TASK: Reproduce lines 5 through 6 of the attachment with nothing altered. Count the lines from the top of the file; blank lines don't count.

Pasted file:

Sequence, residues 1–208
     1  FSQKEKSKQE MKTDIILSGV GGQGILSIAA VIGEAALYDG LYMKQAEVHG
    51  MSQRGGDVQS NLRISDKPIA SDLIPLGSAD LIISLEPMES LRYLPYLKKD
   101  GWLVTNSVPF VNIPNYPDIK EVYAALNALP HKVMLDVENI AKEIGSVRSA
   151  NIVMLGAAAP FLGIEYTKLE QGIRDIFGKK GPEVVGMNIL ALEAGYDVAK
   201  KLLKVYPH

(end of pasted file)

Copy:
   151  NIVMLGAAAP FLGIEYTKLE QGIRDIFGKK GPEVVGMNIL ALEAGYDVAK
   201  KLLKVYPH